When you’re in a romantic partnership – as opposed to a marriage – you need to create the legal protections and benefits automatically afforded to those who are married. For example, married persons legally inherit from each automatically and can visit their spouses in the hospital without question. You and your partner can do the same, but only if you have the legal documents that create those rights.
Estate Planning is Your Legal Instruction Book
If you met with your estate planning team today, you’d likely say, “Yes, of course, I want my partner to have the house if I die” and “Yes, I want my partner to make healthcare decisions for me if I cannot make those decisions myself.”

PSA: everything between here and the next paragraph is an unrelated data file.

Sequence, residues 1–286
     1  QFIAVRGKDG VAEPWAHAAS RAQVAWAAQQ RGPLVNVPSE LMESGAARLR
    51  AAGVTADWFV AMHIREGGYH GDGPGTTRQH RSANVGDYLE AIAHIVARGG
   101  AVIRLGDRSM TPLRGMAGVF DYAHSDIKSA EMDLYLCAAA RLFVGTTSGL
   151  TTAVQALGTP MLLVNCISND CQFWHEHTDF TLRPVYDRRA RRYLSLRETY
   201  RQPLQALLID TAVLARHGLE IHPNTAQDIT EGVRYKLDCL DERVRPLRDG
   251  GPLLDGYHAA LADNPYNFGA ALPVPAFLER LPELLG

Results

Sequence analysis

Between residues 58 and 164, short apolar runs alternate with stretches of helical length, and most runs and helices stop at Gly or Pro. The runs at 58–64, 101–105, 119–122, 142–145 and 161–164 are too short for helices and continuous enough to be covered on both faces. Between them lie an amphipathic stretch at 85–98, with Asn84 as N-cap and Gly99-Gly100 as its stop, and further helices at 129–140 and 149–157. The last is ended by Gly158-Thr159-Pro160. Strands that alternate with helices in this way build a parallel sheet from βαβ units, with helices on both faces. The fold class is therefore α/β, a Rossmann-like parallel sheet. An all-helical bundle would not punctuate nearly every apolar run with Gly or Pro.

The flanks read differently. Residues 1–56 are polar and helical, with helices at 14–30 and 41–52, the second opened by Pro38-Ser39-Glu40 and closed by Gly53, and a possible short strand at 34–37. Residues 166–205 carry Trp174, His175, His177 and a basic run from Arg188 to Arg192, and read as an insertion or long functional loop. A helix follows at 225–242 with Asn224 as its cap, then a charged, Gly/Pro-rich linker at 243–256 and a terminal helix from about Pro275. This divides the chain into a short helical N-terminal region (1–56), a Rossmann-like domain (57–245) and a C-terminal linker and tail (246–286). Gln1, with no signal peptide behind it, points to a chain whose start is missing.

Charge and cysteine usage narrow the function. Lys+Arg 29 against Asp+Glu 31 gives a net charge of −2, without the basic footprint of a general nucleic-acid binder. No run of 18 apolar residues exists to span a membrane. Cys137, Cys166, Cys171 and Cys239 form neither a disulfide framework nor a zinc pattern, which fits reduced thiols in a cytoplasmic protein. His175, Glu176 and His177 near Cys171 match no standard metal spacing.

It is important to transform your wishes into legal documents. The easiest way to make sense of estate planning documents is to think of them as an instruction book.
Your Estate Planning Avoids the State Default Plan
In a way, everyone has an estate plan. For those who haven’t created an estate plan themselves, the state has a default plan – and it’s not what you would likely want. For example, assets you own in your individual name go through the probate court process and are given to your closest legally recognized family members. An unmarried partner is not a legally recognized relationship, meaning your partner will not receive any of those assets – or be on a list of folks who can make healthcare decisions on your behalf.
Continue This Conversation
Sit down with your estate planning team to talk through your goals, assets, and family situation. Be sure to discuss who is best suited to help you with medical and financial decisions if you cannot make those decisions yourself. And, of course, begin thinking through guardians for minor children, avoiding probate, minimizing taxes and fees, creating a legacy, and protecting you and your loved ones.